The back cover of Jackson McCrae’s latest novel pretty much says it all: “Asked to travel back to the South in order to help out a small-town Junior League with the compilation of their cookbook, author Jackson Tippett McCrae finds that he’s bitten off more than he can chew in this tale of odd recipes, social climbing, Southern customs, blackmail, murder, and mayhem.”
In addition, lovers of anagrams will have a field day with Jackson McCrae’s Barring Some Unforeseen Accident. The book not only brings the art of word-scrambling to a new level, but literally boggles the mind as to how the author made so many of the elements of the story fit together in plot and word altercation. This fact should not come as news to students of Jackson Tippett McCrae’s other works, as each new novel of his has bounced off the last one in some form or other. This laugh-out-loud book is nothing short of his best work yet.
Like all Jackson McCrae novels, the premise is odd, to say the least, and entirely woven together with the narrative and details to such an extent that it would seem impossible to separate them. Barring Some Unforeseen Accident uses two ideas to hold the book together (other than the anagrams.) First, there is a “book within a book” just as there is in his first work, The Bark of the Dogwood - only this “book” is a cookbook that he’s been asked to help put together by a group of rather strange ladies in a small town. Junior League ladies, no less - five of them. Secondly, McCrae uses the parenthetical insertions as another jumping-off point to not only enhance and clarify the writing, but—believe it or not—tie himself into the book even deeper than one might expect with regard to the quirky people of Chalybeate Springs, the town the novel takes place in.
As with all character-driven novels, the good (and not-so-good, as McCrae states in the book) people of Chalybeate Springs are one-of-a-kind originals with a core that rings true for anyone who has lived at any time in a town of 25,000 or less. You know the ones I mean: the high school prom queen who refuses to let go of the past; the dourly matron of the town who lords her wealth over everyone; the power-hungry sheriff; the town librarian who happens to always be husband-hunting; the newcomer who is an outsider, trying to get in. It might all sound very Nora Roberts or Fannie Flagg were it not for McCrae’s special take on the hidden aspects of these individuals. While these people are recognizable to almost anyone at first, when the author requests that they contribute recipes and “tell a little about themselves,” their real colors shine through - and some of them are not so pretty.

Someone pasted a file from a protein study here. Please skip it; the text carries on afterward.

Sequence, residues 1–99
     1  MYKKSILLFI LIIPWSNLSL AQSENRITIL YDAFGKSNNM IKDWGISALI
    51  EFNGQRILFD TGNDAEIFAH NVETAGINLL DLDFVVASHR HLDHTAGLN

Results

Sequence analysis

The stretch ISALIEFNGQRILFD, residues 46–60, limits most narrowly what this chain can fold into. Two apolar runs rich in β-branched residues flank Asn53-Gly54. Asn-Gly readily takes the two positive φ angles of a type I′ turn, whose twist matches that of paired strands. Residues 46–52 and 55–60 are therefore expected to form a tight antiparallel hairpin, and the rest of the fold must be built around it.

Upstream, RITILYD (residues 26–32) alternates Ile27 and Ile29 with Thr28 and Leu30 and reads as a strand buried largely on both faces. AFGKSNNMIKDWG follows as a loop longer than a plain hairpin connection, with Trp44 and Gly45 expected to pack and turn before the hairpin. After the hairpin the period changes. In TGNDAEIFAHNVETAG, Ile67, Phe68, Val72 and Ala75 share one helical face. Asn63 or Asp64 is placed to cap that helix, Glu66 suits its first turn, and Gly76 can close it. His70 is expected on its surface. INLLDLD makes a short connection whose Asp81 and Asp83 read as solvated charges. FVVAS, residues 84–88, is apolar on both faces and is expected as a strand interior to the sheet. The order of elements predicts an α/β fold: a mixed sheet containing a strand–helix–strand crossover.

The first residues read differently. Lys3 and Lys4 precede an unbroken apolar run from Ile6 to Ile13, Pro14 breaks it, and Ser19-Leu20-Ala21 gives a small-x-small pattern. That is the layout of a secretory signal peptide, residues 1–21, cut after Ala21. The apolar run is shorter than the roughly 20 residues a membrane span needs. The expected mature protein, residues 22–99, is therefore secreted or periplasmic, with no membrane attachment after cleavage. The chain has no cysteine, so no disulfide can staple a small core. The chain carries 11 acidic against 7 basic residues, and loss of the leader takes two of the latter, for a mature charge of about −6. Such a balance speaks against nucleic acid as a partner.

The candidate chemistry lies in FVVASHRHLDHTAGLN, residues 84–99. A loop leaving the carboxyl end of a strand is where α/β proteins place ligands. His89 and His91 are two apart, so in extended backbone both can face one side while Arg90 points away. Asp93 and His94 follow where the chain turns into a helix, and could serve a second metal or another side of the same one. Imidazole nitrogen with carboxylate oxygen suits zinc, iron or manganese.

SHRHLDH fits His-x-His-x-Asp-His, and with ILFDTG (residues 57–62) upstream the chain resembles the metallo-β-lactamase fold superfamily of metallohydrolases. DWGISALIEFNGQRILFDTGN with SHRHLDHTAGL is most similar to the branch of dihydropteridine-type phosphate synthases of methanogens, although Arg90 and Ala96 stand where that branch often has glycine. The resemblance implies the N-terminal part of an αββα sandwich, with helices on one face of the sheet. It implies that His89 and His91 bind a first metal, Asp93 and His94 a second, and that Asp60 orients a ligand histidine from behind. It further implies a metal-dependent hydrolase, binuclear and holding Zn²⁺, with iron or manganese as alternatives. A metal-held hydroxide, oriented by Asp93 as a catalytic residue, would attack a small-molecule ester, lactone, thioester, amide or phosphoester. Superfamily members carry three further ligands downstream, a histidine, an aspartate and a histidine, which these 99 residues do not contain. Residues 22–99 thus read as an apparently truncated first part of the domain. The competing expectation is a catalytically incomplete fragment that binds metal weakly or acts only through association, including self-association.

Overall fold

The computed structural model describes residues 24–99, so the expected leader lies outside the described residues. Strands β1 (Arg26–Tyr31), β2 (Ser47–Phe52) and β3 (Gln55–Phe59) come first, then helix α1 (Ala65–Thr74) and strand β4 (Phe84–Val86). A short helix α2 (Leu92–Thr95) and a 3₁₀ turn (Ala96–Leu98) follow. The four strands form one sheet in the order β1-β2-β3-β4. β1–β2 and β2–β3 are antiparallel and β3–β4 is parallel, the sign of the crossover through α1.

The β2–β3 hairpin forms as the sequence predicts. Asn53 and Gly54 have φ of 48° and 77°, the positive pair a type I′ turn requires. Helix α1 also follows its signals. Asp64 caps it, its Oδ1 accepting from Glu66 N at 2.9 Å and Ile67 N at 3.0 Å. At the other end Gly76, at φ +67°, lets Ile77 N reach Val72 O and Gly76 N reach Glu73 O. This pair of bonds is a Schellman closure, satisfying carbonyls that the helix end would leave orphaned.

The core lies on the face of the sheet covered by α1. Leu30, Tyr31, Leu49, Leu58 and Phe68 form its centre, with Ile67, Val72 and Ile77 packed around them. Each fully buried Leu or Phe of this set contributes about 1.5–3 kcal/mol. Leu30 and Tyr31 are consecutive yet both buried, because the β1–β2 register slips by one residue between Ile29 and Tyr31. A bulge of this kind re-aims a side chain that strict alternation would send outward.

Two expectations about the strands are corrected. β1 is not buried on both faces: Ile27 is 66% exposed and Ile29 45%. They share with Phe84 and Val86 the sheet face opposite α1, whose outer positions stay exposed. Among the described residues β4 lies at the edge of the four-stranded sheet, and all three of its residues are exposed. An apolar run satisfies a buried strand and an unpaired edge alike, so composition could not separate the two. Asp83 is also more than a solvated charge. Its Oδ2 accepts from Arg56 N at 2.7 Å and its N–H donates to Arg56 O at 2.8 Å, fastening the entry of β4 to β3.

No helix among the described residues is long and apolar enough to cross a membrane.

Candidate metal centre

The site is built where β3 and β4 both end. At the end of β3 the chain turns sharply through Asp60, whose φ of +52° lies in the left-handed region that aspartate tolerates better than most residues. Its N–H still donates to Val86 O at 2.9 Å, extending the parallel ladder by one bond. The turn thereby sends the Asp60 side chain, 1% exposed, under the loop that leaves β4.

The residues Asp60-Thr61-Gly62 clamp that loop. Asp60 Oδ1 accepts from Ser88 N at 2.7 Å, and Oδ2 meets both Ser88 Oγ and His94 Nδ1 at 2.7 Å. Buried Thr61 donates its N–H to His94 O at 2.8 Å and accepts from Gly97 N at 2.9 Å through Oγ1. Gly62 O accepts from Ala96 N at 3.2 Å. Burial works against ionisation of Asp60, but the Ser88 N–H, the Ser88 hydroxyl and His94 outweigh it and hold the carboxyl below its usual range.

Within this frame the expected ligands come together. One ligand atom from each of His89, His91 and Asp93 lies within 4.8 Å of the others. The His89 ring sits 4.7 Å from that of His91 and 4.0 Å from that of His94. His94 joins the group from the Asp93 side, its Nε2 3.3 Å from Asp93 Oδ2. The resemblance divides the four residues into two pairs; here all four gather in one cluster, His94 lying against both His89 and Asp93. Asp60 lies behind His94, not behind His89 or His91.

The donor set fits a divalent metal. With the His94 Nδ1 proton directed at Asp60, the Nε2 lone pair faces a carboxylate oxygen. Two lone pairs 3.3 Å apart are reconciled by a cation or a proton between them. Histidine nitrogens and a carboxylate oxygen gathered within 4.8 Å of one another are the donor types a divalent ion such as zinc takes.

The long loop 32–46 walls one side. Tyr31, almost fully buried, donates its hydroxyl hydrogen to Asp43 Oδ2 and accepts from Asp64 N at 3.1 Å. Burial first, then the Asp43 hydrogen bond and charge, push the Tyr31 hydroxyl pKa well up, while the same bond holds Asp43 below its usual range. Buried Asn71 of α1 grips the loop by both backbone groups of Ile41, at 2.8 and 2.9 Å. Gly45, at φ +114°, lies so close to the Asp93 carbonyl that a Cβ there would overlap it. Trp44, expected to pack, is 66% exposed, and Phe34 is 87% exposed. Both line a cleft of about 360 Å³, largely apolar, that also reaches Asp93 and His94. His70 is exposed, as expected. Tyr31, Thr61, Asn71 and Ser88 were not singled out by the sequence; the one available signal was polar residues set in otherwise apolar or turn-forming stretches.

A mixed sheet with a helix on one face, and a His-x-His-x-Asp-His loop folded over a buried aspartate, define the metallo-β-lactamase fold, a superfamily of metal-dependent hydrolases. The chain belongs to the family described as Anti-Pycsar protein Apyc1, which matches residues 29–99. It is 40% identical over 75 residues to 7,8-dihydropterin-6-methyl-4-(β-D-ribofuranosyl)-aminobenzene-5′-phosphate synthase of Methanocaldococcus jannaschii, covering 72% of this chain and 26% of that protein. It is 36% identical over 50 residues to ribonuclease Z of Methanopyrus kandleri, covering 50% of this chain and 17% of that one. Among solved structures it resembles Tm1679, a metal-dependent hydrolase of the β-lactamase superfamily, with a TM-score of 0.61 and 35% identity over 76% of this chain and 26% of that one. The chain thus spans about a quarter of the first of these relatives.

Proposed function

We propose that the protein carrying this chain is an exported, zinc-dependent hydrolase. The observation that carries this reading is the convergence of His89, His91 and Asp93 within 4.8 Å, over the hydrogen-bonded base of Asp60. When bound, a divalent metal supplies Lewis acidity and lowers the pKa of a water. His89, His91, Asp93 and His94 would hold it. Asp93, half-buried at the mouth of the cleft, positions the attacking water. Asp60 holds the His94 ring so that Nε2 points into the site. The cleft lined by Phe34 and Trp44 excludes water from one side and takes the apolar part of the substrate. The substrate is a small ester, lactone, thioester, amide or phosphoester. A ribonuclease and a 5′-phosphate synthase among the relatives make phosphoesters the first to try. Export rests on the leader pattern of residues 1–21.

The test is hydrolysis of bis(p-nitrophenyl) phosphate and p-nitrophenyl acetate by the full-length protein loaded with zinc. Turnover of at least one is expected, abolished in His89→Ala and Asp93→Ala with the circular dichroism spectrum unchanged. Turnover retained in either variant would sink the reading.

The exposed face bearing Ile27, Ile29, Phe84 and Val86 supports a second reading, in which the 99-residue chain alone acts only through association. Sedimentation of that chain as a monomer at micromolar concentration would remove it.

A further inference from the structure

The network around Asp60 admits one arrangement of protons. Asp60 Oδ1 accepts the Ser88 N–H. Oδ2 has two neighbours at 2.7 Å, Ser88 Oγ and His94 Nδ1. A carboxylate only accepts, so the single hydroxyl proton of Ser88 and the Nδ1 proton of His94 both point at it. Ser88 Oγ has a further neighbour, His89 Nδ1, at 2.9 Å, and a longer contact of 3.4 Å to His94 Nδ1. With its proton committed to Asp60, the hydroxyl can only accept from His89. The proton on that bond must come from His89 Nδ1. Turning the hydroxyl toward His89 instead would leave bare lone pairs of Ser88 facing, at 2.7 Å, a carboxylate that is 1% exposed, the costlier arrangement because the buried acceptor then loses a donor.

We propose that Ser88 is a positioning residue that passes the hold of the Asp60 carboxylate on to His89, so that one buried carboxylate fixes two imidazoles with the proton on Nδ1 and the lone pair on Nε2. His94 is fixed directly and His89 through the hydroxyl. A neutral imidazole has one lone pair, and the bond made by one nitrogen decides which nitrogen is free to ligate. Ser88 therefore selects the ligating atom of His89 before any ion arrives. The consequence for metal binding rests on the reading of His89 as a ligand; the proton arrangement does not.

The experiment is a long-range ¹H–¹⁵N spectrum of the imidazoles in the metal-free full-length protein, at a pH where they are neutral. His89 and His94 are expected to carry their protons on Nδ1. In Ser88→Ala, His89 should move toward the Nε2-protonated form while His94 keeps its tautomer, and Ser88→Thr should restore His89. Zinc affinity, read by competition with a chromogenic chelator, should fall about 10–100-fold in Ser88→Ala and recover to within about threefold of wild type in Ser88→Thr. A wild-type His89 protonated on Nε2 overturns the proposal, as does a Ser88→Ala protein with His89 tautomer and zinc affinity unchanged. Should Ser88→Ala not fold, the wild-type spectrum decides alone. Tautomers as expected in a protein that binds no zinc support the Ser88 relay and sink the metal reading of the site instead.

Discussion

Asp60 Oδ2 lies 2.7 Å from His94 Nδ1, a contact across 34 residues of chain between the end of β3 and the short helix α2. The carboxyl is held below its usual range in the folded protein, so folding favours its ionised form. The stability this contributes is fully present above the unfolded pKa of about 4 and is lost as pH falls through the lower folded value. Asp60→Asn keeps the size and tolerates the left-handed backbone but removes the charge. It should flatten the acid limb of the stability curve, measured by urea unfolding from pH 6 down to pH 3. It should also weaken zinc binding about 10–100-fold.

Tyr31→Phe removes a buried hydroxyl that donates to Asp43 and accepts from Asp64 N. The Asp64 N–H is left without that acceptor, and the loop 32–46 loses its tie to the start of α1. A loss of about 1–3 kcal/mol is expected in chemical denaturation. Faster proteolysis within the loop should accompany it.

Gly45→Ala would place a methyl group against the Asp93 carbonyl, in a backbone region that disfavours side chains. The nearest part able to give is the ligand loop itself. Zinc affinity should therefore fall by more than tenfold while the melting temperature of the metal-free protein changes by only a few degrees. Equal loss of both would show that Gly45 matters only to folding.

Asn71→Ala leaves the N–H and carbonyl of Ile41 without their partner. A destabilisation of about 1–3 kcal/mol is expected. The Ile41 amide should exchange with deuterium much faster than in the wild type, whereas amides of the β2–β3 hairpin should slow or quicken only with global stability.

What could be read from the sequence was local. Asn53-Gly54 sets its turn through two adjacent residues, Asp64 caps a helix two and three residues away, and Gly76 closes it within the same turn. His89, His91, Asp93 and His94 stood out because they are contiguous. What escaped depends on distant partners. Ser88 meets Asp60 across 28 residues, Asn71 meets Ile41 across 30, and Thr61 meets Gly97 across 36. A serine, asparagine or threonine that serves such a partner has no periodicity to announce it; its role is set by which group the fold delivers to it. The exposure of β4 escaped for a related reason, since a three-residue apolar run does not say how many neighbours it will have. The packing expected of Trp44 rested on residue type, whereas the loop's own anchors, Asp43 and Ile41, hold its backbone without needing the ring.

At the foot of each recipe in the “book within a book” section is a sentence or two explaining how that recipe came into being or where it was passed down from. These snippets widen through the book and turn into a story themselves, with the five women of the Junior League sniping at one another until there’s a war brewing in the town. With this story technique, the town’s ugliest secrets are revealed. Toward the end of the book, the ladies turn their rancor toward McCrae, and we end up back at the beginning of the novel, where he is attempting suicide, a section that is perhaps one of the funniest in all literature.
Those looking for great writing in the recipe sections of this book will want to search out other venues as the ideas for the cookbook are written by the townspeople and they’re nothing you’re going to want to rush home and prepare. With dishes made from rattlesnake and roadkill to those designed to get rid of unwanted husbands, the recipes are good for anything but eating—laughing, but not eating. These recipes are funny and repulsive, and integral to the plot. McCrae pokes fun at small-town America and captures it to such a remarkable extent that there’s even a disclaimer by the publisher in the last pages of the book that reads
“But perhaps the most disturbing event occurred after the first printing of this novel, for, over seven hundred small towns in the South came forward in an attempt to sue, claiming that Chalybeate Springs was based on their fine hamlet, even though the entire population of Chalybeate Springs was dead.”
As is usually the case with McCrae’s novels, Barring Some Unforeseen Accident is like no other book at present in the marketplace. That alone should have you rushing out to buy it.